- Integrating Sustainable Human Development into Engineering Design, presented by David Toll from Durham University.

- Sustainable Human Development in Mainstream Undergraduate Engineering Education, presented by Alison Furber from University of Edinburgh.

- Introducing Humanitarian Engineering and Computing, presented by Elizabeth Miles from Coventry University.

 

Details of the 8 proposals above can be found in the following 8 pages.

The Committee would like to recognize the high quality of all the presented proposals, and encourage all the participants to follow the Global Dimension in Engineering Education EU initiative.

There was also Parallel Activities Sessions of the EESD13 Rethinking the Engineer:

http://www-eesd13.eng.cam.ac.uk/conference/activities/ewb.

 


B.E.S.T. (Best Environmental Sustainable Technologies) for International Cooperation.

Awarded in the first edition of the "European award for best practice for the integration of SHD (Sustainable Human Development) into technology and engineering education”, in the context of the European project "Global Dimension in Engineering Education ‐ GDEE ",

Authors: Director of the work: Sabrina Sorlini, University of Brescia
Other Authors: Francesco Vitali, Mentore Vaccari, Carlo Collivignarelli
Description of the Proposal:

The issues of Sustainable Human Development (SHD) are often seen as far away from everyday reality in which young people live. The richness of practical experiences in the sector, often available at different scale at local level, gives the opportunity to make young people closer to these issues. Their involvement can be really important as an educational opportunity and as a chance to participate to cooperation projects in developing countries. CeTAmb (Research Centre on Appropriate Technologies for Environmental Management in Developing Countries), a research centre of the Department of Civil Engineering, architecture, Land, Environment and Mathematics (DICATAM) of the University of Brescia since April 2000, deals with international cooperation regarding the technicalenvironmental aspects, trying to work as a meeting point among the academic world, the international cooperation sector and the young people, in particular PhD, university and high school students. This summary presents the B.E.S.T. methodological approach proposed and applied by CeTAmb in the implementation of training and research activities addressed to young people as a technical support for NGOs working in developing countries.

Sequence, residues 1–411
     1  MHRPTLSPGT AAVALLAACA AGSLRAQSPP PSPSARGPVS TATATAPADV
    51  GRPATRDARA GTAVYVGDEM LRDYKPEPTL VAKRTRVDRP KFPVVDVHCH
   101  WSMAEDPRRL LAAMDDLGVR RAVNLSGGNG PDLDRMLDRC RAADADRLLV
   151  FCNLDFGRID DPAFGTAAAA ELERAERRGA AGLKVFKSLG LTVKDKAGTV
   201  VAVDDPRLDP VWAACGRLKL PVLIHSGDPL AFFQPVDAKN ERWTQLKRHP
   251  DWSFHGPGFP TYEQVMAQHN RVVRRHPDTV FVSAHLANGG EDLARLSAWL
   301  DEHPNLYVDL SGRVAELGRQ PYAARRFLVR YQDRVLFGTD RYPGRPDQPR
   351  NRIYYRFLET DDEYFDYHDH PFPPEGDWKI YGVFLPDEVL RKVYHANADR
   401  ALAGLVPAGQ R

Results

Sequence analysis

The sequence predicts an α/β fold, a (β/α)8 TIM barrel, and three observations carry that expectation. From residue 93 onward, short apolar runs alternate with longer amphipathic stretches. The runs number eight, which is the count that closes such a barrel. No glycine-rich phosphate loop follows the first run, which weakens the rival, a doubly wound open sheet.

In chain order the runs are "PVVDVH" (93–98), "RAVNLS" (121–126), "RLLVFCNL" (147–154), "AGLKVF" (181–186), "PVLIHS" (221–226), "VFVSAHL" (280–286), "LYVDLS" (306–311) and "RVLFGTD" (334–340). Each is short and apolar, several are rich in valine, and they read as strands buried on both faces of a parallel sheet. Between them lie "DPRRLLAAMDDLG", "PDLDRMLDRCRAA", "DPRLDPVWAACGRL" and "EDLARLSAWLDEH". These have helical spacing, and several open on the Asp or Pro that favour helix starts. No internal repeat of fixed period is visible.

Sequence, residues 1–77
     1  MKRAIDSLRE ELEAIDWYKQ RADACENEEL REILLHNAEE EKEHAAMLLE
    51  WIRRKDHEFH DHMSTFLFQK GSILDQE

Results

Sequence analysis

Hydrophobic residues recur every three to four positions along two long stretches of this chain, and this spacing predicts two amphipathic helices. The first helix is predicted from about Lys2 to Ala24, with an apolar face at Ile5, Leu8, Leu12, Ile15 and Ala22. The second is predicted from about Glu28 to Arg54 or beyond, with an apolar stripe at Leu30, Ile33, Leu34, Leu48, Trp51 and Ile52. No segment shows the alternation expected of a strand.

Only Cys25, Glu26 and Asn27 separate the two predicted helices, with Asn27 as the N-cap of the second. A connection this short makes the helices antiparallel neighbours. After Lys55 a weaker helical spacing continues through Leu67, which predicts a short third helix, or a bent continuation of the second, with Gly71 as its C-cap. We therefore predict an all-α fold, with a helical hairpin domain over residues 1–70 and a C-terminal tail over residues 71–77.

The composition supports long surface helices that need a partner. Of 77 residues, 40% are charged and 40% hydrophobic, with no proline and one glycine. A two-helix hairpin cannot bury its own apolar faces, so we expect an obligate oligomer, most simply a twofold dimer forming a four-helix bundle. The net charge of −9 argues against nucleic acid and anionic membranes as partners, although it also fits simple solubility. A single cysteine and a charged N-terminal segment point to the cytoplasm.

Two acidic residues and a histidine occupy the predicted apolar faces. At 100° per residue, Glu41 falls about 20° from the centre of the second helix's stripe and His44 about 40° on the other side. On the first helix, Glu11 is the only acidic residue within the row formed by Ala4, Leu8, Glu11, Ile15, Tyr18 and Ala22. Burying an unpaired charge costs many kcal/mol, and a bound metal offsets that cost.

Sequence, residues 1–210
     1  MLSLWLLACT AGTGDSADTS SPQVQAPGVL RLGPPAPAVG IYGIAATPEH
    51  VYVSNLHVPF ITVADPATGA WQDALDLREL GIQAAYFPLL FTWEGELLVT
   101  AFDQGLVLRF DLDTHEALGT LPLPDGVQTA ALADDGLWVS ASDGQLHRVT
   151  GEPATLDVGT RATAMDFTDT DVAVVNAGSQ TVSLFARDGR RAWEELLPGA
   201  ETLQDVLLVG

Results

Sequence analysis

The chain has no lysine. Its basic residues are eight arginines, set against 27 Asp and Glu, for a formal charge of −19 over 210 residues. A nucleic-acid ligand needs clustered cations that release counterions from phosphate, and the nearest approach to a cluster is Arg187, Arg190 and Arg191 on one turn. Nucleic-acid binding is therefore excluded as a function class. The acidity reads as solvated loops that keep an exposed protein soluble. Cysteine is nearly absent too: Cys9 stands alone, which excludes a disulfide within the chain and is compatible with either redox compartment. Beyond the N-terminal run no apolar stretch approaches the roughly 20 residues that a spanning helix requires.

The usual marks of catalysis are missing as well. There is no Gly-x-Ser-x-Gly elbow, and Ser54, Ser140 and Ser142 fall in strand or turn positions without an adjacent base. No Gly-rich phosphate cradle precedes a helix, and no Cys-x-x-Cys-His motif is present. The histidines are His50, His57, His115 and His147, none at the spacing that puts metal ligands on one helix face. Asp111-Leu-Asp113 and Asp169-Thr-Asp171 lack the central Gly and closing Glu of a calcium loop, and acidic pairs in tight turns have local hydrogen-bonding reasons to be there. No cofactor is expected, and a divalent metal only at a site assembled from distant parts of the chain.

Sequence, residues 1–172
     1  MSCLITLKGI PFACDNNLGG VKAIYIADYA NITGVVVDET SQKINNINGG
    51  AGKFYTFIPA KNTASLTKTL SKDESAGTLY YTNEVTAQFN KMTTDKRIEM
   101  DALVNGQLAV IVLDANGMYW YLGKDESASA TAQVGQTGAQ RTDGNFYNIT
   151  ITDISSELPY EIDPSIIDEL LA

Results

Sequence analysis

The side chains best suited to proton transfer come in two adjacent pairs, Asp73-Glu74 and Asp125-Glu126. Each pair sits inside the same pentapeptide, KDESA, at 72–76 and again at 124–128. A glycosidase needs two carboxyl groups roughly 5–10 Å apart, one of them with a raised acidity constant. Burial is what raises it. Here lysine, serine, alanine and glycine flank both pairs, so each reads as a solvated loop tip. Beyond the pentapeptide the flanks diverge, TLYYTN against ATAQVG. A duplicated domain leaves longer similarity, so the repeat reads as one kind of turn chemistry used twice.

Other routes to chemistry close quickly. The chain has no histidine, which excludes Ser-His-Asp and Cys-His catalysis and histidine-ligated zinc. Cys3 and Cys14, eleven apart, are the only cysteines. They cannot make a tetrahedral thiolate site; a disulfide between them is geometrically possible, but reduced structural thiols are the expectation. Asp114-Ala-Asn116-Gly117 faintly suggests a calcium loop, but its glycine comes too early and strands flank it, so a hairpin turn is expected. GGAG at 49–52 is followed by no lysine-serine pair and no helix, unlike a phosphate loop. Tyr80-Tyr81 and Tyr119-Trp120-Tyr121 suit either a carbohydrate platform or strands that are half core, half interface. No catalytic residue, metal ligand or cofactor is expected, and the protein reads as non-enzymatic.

Traditional Education in Engineering: a systemic approach to strengthen development.

Awarded in the first edition of the "European award for best practice for the integration of SHD (Sustainable Human Development) into technology and engineering education”, in the context of the European project "Global Dimension in Engineering Education ‐ GDEE ",

Authors: Director of the work: Emanuela Colombo from the Politecnico di Milano.
Other Authors: Lorenzo Mattarolo

The current claim of society towards sustainable human development represents today an emerging challenge which must encounter the proactive role of universities. Through the identification, formulation and implementation of innovative methodologies and sustainable frameworks, they may contribute to the transformation of society by educating generations of decision‐makers, entrepreneurs, academics and serving the public good. The challenge of promoting sustainable development and human promotion has become a mission at Politecnico di Milano in line with the international claim (Lozano et al., 2013), led through the collaboration with governmental, academic and international institutions. The issue has recently joint the specific activities of the Department of Energy, where initiatives like Sustainable Energy for All and the problem of access to energy are being faced, under the UNESCO Chair in Energy for Sustainable Development, which has been established in March 2012. Activities have been tailored to combine the innovative and rigorous methodologies for the performance evaluation of energy conversion systems with a holistic and creative approach which aims at meeting the constraints of economic, environmental and social sustainability. Research and teaching are focused on strategies for improving energy access and for the impact evaluation of energy project. The activity also counts on the effective contribution of PhD students, coming from Developing Countries.